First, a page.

Doctoral programs are rigorous, and applicants must meet high standards for admission. These include meeting license, education, and GPA requirements and demonstrating a track record of career excellence. Although every program has its own requirements, you can expect the following when applying.
Current valid registered nurse (RN) license; MSN from an accredited program; recommendations; personal statement
Typically 12-24 months
500-1,000 clinical hours (usually completed at the facility of the student's choice)
3.0-3.5 in MSN program
Some programs require national certification as an advanced practice or critical care nurse. Also, many top programs include on-campus requirements in addition to online courses. These are typically multi-day intensives.
Why is Online MSN-to-DNP Program Accreditation Important?
This guide only includes accredited online MSN-to-DNP programs, as proper accreditation can determine a student's success after graduation.
- Only graduates of accredited programs are eligible for APRN certification.
- Accreditation ensures the program curriculum meets quality standards.
- Most employers will not hire graduates of unaccredited programs.
- Most federal financial aid is available only for accredited programs.
- With so many accredited MSN-to-DNP programs online and on campus, there is no reason to risk your time and money on an unaccredited program.
Paying for Online MSN-to-DNP Programs
On-campus or online MSN-to-DNP programs are an excellent investment in your future career and earnings, but they come at a cost. Some MSN-to-DNP online programs charge a flat tuition rate for all learners, while others charge more for out-of-state students. Cost considerations also include book fees, any on-campus requirements, program length, and if you can work while studying.
There are many sources of financial aid available for online MSN-to-DNP programs. While some schools offer loans and scholarships, you can also apply for loans, scholarships, and grants from other sources.
Some government programs pay your education costs, plus a stipend, or offer loan forgiveness for working in under-served areas once you graduate. Your current employer may offer a tuition aid or reimbursement program, especially if you commit to remain with them for a certain period after you graduate.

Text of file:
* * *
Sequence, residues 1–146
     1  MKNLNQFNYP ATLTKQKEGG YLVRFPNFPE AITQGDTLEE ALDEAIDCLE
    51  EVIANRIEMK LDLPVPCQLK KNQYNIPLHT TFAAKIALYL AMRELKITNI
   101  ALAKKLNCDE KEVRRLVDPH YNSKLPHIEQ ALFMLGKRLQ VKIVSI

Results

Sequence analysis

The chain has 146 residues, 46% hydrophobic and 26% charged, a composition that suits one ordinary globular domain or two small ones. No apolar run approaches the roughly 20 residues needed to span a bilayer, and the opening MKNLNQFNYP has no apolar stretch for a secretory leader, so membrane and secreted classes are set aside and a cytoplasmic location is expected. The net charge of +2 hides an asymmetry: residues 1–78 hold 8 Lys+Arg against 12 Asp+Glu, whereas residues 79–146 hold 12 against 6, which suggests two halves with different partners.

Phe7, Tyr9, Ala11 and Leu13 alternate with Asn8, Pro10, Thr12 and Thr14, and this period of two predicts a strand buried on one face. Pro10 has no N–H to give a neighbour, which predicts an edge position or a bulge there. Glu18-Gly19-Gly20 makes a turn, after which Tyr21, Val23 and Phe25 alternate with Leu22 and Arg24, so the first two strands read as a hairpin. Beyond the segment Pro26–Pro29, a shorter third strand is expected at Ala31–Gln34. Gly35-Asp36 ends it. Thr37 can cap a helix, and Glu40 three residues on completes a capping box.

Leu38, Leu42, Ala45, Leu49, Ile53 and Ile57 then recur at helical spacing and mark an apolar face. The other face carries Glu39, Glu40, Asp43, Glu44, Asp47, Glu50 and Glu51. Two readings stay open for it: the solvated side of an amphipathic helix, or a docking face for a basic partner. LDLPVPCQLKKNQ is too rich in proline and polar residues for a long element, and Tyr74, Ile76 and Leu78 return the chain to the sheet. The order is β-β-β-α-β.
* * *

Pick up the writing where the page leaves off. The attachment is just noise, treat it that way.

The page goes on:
Learn More About the Best Online MSN-to-DNP Programs and Schools
Frequently Asked Questions About Online MSN-to-DNP Programs
How long does it take to go from an MSN to a DNP?
Earning a DNP takes less time than earning a Ph.D. in nursing. Most full-time students earn their degree in 1-2 years. Part-time students may need another year to complete the program.
How much more can you earn with a DNP compared to an MSN?
The exact numbers depend on many factors. Overall, the average base salary for nurses with an MSN is $97,000, according to Payscale, while the average for nurses with a DNP is $104,000. However, in 2025, new nurse anesthetists will need a DNP rather than an MSN, which may increase the salary gap.
What are the most popular concentrations for MSN-to-DNP programs?
Family health is the most popular APRN specialty, according to the American Association of Nurse Practitioners. Almost 70% of APRNs are in family practice. Other popular DNP concentrations include adult care, nurse anesthesia, nurse midwifery, and clinical nurse specialist programs. Starting in 2025, new nurse anesthetists will need a DNP, so this DNP concentration could grow in popularity.
Is an MSN or a DNP better?
Both the MSN and DNP prepare nurses to take on leadership roles. The difference is the DNP builds on the knowledge and experience gained in the MSN and prepares nurses for the highest levels of practice. Because the AACN has called for the DNP to be the entry-level degree for advanced practice roles, the DNP may be the best choice if that is your goal.
Related Online MSN-to-DNP Program Resources